With less than 17 months to spend $6 billion in federal COVID-19 money earmarked for facility upgrades, Michigan school districts may still be swimming upstream when the money is gone. Nationally, $123 billion was distributed to school districts by the CARES Act in 2020 for facility maintenance and upgrades, with the caveat that the money be spent by September 2024.
Michigan school districts have never received state funding for maintenance and infrastructure upgrades, always relying on bonds and millages based on the districts’ property taxes, leaving its poorer districts starved for funds. As a result, Michigan’s children are confined to out-of-date, dilapidated and unsafe school buildings.
The funds received through the federal CARES Act were distributed based on the proportion of low-income students enrolled in the district. But they fall far short of meeting the needs of public schools at almost every level.
Cities such as Detroit and Flint have received greater resources than wealthier districts. Yet in Detroit, where in 2016 teachers organized sickouts, independent of the teachers’ union, to protest the deplorable conditions in the schools, little has improved. Official documentation published by the Detroit Public Schools Community District (DPSCD) states: “With continuing rising costs, our Facility Master Plan proposes the most immediate investment needs totaling $700M out of a $2.1 billion need [emphasis in the original].”
School infrastructure continues to receive a D+ rating from the American Society of Civil Engineers in Michigan as well as nationally. Yet a 2020 Government Accountability Office (GAO) report found that improving HVAC (heating, ventilation and air conditioning) and air quality systems was a lower priority for school districts than “security updates.” With few requirements attached to the federal ESSER (Elementary and Secondary School Emergency Relief) funds allocated by the CARES Act, some Michigan districts opted to spend a portion of their allocation on security cameras and metal detectors.
The same report determined that 54 percent of school districts nationally needed to entirely replace or upgrade buildings.
In 2019, Democratic Representative Bobby Scott of Virginia, in introducing legislation to address crumbling school infrastructure, noted that every year school infrastructure funding was “underinvested” by $46 billion nationally. The “State of Our Schools” report that he cited also noted that, in fact, $145 billion was required every year to modernize and maintain the nation’s public schools. While Scott’s proposal fell far short of the need, it nevertheless died in the House. When reintroduced as H.R. 604, the Rebuild America’s Schools Act of 2022, it never even got to a House vote.
The most recent State of Our Schools (2021) report notes that, accounting for necessary COVID-19 safety measures and inflation, the $46 billion annual underfunding has ballooned to $85 billion (and that is in 2020 dollars, when the inflation rate was 1.23 percent). The report also considers the increased costs of construction due to inventory and labor shortages. School construction costs rose from $262 per gross square foot in 2016 to $343 in 2020, a more than 30 percent increase. Additionally, annual expenditure for school construction, which crashed along with the rest of the economy after 2009, still lags by 20 percent behind pre-recession levels.
The dismal state of school buildings in Michigan, as in the rest of the country, is emblematic of the decades of defunding of public education. With the onset of the COVID-19 pandemic in March 2020, 60 percent of the state’s schools did not have air conditioning. The 2020 GAO investigation found one school that relied on a boiler from the 1920s for heat.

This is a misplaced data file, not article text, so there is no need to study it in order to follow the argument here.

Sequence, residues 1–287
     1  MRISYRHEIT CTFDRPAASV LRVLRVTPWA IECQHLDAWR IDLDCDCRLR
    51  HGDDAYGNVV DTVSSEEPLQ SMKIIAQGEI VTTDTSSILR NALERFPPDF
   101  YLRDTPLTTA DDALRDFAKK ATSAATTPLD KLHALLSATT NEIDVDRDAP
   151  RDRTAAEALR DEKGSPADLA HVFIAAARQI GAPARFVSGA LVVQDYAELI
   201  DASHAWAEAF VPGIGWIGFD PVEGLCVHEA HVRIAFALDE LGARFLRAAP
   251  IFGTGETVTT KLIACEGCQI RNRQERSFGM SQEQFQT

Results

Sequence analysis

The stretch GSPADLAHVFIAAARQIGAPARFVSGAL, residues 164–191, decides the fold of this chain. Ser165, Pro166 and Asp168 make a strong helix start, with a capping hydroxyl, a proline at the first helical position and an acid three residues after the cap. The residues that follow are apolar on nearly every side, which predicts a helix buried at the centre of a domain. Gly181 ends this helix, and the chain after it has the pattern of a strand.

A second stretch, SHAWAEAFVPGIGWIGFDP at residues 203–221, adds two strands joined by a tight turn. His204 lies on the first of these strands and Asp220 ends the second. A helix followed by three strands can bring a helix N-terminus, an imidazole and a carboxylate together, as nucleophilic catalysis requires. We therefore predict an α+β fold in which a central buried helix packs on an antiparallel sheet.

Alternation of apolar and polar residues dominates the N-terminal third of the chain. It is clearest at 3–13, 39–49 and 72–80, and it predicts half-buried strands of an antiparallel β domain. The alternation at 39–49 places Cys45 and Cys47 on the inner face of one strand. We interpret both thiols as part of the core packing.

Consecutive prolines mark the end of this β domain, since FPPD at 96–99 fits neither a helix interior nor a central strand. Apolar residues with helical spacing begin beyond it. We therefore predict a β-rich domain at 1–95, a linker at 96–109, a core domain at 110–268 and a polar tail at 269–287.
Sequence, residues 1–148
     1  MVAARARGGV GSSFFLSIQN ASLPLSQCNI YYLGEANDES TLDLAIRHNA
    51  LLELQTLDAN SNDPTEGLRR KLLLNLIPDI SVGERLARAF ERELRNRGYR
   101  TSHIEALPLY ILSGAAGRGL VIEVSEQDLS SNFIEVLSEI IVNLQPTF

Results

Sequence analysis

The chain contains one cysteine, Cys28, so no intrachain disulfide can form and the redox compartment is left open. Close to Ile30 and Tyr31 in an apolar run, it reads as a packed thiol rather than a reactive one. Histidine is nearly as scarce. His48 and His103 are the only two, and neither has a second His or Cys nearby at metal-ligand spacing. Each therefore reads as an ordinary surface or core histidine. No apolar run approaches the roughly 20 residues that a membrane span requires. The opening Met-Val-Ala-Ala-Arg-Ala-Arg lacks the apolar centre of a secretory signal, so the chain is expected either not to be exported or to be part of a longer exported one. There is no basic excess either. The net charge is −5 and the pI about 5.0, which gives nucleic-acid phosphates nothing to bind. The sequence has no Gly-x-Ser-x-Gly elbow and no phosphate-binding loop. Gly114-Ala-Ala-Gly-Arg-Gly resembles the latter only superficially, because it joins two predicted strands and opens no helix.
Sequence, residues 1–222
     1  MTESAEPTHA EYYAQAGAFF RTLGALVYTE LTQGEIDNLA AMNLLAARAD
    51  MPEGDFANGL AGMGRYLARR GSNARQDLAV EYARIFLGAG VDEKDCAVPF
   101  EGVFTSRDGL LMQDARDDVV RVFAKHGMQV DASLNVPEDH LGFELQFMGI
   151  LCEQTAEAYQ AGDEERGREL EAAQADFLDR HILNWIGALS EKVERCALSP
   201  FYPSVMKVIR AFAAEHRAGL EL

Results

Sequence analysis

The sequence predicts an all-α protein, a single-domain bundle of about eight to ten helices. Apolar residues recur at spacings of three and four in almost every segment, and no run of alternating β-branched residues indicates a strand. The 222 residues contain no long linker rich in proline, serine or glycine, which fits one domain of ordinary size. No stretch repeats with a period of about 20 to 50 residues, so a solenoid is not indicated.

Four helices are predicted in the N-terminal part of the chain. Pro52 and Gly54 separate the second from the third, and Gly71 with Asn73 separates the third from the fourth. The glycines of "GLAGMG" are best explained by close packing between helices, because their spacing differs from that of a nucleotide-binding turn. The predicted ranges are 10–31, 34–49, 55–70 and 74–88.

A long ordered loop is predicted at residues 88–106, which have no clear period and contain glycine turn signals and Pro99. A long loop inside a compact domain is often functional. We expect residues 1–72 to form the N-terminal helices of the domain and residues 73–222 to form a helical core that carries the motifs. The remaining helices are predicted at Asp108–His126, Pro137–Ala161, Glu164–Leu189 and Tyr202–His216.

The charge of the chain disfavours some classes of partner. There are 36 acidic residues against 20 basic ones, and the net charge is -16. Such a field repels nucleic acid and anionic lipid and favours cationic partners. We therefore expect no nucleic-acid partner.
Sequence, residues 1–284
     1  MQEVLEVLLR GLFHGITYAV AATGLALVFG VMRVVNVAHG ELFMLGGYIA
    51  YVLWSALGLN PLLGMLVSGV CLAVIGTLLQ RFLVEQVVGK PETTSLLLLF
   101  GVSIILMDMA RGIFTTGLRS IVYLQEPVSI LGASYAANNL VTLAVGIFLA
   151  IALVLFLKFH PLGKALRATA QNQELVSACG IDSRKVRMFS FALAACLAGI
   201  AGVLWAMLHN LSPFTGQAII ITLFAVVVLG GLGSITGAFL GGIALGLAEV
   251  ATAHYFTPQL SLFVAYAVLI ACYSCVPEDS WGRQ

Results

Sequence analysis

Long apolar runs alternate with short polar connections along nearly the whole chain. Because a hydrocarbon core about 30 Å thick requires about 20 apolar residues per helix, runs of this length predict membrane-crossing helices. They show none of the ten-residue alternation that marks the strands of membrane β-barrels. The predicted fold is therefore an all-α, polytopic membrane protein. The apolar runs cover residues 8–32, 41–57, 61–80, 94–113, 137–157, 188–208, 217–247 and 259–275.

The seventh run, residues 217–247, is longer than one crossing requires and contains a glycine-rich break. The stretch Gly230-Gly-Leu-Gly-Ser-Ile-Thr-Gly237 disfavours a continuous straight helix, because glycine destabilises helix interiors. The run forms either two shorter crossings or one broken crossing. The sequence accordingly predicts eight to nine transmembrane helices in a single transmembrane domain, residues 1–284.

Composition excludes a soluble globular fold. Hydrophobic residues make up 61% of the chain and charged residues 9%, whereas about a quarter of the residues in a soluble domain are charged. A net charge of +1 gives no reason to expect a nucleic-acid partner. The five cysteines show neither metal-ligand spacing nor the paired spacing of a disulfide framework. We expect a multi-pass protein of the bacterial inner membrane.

A 2021 Chalkbeat survey demonstrated that 25 percent of Michigan schools’ HVAC systems were at least 20 years old, and almost no schools had systems for air filtration to prevent the spread of COVID-19. For the last three years, teachers in Michigan and across the country have been constructing their own DIY room filtration systems, known as Corsi-Rosenthal boxes, a totally inadequate solution to a life-and-death problem.
The Detroit Free Press notes that despite $20 million allocated by the Michigan legislature in June 2022 to audit the state’s school infrastructure needs, this has not taken place. The Free Press reports that Flint schools “closed for several days in summer 2021 because of a lack of air conditioning” in some buildings. One year later, Dearborn schools “canceled class when temperatures soared.”
Southeastern High School in Detroit only reopened on March 15 following a shutdown of over two months after pipes burst, flooding the school in January. Students were switched to remote instruction after the Christmas holidays.
In many schools, student bathrooms are in need of repair, lead in the water has not been eliminated, elevators remain inoperable for months in violation of the Americans with Disabilities Act. In a recent interview with the Global Workers’ Inquest into the COVID-19 Pandemic, Tynisa Williams documented the appalling conditions educators in Montgomery, Alabama, confronted upon their return to in-person instruction. Similar conditions persist in nearly all US states, including Michigan.
The rotting infrastructure of schools is an expression of the rot within the capitalist system. When educators ask, “Why is there no money for our schools?” they should consider this:
Michigan Governor Gretchen Whitmer’s most recent budget handed huge windfalls to the automakers, including $1.7 billion to Ford Motor Company’s proposed EV battery plant in Marshall (or $693,000 per job for the 2,500 workers to be hired). The US spent more than $115 billion on the war in Ukraine in 2022, with no end in sight, and the Biden administration has proposed a military budget of nearly $1 trillion for future wars launched in the pursuit of US global domination.